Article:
One of Tony Abbott’s strongest backers in the outer western Sydney seat of Lindsay has openly criticised sitting Liberal candidate Fiona Scott for backing Malcolm Turnbull in last year’s leadership ballot.
“Fiona Scott only got in because Tony Abbott came out here on many visits and he made the ‘sex appeal’ comment,” Marcus Cornish, a local Liberal Party member and independent councillor, told the ABC’s 7.30.
“That got her across the line and she’s turned around and stabbed him in the back, as many have done in the Liberal Party in New South Wales.”
Mr Abbott visited Lindsay to endorse Ms Scott during the 2013 federal election campaign, saying she was “young, feisty” and had “sex appeal”.
The Liberal Party won the seat but with a smaller margin then it had hoped for – just 3 per cent.
Mr Cornish is currently suspended from the party for previously distributing an email criticising Ms Scott.
Ms Scott would not comment on his allegation, except to say it was speculation.
“I’ve never stated how I voted,” she told 7.30.
“I’ve never said which way I voted, so you can add to speculation. But that’s your call as a journalist.”
Backlash from angry Abbott volunteers
Ms Scott is also suffering a backlash from volunteers connected with the former prime minister, who have complained about helping campaign in Lindsay because they believe she did not then back him in the leadership battle.
At the last election Mr Abbott campaigned hard to secure the election of Ms Scott. providing cash and dozens of volunteers.
But the support came to an end after September’s leadership ballot, which saw Mr Turnbull installed as prime minister.
7.30 has obtained a Liberal Party memo from NSW state director Chris Stone, showing resources from Mr Abbott’s seat of Warringah will now be directed to Karen McNamara in Dobell.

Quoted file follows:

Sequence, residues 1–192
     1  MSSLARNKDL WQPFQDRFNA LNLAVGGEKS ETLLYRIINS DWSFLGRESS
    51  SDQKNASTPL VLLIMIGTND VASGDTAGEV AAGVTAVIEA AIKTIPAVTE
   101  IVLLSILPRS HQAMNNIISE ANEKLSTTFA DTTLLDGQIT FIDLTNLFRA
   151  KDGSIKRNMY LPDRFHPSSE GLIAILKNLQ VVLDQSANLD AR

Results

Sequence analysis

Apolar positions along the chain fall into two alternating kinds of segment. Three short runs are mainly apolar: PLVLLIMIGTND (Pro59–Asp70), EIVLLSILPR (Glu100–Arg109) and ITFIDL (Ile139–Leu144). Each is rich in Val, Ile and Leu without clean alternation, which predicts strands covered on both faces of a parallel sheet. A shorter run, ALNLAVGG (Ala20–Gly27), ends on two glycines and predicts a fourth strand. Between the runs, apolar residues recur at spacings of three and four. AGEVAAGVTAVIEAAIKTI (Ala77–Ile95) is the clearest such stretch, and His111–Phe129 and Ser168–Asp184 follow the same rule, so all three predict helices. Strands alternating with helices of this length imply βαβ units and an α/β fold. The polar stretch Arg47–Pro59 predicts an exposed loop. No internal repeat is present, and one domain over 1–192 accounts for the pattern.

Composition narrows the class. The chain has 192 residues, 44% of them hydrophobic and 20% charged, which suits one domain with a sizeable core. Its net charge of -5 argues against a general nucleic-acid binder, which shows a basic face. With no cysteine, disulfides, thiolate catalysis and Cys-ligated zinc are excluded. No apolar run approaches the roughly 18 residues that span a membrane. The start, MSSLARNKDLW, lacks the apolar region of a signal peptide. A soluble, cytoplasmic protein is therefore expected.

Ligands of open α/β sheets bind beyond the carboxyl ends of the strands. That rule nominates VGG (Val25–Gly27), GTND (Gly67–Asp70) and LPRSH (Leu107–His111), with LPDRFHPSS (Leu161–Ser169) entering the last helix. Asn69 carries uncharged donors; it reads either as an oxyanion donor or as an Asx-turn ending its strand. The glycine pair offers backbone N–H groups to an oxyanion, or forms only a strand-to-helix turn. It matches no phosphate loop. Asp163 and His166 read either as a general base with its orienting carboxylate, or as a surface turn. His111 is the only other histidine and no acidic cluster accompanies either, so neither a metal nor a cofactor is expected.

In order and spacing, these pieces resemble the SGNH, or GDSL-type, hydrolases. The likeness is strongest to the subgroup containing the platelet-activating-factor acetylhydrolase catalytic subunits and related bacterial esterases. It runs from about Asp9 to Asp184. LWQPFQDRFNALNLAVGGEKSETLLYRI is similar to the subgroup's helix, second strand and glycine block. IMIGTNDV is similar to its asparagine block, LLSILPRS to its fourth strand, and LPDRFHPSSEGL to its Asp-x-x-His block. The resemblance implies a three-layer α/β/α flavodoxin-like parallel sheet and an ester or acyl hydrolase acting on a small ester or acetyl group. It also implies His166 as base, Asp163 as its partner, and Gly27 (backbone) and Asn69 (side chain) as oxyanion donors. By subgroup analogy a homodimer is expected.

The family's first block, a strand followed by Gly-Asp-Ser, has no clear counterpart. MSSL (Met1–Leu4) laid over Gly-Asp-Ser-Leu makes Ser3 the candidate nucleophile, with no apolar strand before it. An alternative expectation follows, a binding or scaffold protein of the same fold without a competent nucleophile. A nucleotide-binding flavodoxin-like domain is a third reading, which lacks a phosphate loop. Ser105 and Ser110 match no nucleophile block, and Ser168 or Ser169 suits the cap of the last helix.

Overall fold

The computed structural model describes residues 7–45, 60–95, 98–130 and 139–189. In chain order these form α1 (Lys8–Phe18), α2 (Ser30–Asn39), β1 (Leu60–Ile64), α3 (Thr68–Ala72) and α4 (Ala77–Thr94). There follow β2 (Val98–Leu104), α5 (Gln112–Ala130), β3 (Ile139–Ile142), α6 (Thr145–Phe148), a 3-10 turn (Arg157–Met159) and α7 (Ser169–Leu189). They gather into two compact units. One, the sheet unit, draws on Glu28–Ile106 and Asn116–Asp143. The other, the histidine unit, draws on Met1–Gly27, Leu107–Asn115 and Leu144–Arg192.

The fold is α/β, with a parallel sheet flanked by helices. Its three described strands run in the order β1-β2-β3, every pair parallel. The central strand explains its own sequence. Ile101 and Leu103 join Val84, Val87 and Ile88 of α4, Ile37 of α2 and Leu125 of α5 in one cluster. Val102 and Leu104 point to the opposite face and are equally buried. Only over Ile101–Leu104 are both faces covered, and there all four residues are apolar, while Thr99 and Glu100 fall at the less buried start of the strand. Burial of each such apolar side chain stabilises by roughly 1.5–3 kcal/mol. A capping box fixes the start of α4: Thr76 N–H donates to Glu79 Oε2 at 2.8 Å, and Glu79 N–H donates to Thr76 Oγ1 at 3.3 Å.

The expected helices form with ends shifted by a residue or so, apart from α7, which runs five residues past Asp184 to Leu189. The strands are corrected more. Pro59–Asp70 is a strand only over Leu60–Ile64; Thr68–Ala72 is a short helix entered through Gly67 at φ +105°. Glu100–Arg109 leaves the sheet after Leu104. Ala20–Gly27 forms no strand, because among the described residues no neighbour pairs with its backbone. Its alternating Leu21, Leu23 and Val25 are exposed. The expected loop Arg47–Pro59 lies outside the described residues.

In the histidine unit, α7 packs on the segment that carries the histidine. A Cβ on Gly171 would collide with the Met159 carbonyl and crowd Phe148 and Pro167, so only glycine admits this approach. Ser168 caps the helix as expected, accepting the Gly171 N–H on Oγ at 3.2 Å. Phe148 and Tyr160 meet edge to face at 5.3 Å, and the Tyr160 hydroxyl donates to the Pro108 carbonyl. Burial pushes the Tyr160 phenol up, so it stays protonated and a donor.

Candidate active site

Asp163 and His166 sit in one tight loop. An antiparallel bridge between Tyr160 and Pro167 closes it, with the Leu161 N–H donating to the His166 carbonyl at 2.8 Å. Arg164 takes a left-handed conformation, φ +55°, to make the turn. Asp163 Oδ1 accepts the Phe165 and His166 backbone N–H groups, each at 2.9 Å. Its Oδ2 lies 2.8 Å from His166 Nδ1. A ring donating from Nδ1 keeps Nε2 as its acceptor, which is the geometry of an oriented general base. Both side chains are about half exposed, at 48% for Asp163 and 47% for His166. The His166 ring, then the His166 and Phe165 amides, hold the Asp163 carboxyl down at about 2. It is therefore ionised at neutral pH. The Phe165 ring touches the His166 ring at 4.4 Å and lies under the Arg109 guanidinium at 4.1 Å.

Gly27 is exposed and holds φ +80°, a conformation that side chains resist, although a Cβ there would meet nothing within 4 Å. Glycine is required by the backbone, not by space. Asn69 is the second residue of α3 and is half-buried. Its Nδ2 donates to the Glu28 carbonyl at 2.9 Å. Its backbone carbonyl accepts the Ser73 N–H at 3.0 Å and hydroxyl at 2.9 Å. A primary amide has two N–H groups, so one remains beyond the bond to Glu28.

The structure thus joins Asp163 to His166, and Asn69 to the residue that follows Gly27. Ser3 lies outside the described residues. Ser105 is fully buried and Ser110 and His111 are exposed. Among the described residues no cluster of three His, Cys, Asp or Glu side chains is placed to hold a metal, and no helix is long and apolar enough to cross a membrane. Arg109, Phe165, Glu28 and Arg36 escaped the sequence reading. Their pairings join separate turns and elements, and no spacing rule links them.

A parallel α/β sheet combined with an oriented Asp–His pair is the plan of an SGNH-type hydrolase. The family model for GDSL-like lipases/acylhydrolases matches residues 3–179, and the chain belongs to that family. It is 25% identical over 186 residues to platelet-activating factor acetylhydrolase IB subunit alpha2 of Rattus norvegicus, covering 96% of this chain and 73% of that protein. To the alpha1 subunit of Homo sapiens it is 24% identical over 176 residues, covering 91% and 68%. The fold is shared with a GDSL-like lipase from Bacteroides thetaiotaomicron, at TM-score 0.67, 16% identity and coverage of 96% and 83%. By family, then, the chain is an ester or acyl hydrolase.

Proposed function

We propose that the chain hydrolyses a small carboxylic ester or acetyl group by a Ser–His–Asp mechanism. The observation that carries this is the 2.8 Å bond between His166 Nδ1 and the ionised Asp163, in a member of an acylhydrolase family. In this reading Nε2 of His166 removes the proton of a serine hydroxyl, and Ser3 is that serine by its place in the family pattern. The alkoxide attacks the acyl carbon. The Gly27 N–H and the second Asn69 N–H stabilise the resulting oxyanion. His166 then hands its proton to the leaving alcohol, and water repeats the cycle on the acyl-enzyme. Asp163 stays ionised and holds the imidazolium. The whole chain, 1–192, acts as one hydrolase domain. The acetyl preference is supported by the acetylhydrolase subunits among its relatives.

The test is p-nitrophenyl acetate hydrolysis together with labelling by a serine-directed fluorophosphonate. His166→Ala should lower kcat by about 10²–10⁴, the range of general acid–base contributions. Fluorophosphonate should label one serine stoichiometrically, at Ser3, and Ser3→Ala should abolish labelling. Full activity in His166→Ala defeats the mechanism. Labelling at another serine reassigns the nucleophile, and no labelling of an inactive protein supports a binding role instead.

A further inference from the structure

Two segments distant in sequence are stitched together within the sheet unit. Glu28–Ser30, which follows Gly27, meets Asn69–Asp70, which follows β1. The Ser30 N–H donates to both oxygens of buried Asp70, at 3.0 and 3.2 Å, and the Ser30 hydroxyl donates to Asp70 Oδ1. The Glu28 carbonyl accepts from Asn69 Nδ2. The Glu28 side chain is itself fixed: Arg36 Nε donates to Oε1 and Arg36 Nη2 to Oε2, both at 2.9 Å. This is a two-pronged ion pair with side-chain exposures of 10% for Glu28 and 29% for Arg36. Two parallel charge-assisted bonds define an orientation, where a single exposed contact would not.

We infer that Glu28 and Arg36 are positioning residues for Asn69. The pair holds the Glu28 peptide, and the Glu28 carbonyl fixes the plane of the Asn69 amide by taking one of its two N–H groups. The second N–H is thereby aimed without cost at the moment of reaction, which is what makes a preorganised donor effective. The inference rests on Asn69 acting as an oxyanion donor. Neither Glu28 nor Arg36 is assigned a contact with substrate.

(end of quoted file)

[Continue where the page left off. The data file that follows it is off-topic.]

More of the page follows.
Ms McNamara was a key Abbott backer in the leadership spill.
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David Burchell, a senior politics lecturer at Western Sydney University, said the stoush would not help the Liberal Party in the seat.
“The good folks in Warringah on the north side of Sydney, the more affluent side of Sydney, are refusing to go there because they’re upset about the local member Fiona Scott’s support of Malcolm Turnbull over Tony Abbott in the leadership spill a while back,” Dr Burchell told 7.30.
“That strikes me as being a very silly thing for them to do.”
Ms Scott has downplayed the support she received from outside the electorate, describing it as minimal.
“My campaign team this time, my campaign team last time, are local people. We were out at the train station this morning, there were seven of us, every single one of those people live in the Lindsay electorate,” she told 7.30.
7.30 has learned volunteers on Lindsay will now be supplied from Local Government Minister Paul Fletcher’s north shore electorate of Bradfield.
Dr Burchell said the divisions were bringing a difficult issue for the party to the foreground.
“It certainly won’t do the sitting member any good,” he said.
“I think it also brings to the fore an issue that the Liberal Party would’ve preferred to keep quiet – that even though they can poll well in the seat, the party doesn’t have strong roots in the seat.”
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Marcus Cornish told 7.30 that the split in Lindsay was part of a wider problem within the Liberal Party.
“I’d dearly love to see change in the Liberal Party, I’d like to see the factions loosen their grip,” he said.
“I’d like to see plebiscites come in and make the party democratic again.
“Sadly it’s gone the same way as Labor, so people will have a very difficult choice at the next election.
“I’d like to say that any conservatives in the Liberal Party, please stay there, the party needs you, and stop the party going the wrong way for the sake of the people of Australia.”
Ms Scott dismissed Mr Cornish’s criticism.
“I don’t think the party has a question with factionalism, but of course Mr Cornish can make whatever analogies he would like to make,” she said.
“Mr Cornish obviously has his own views. That’s a matter for Mr Cornish.”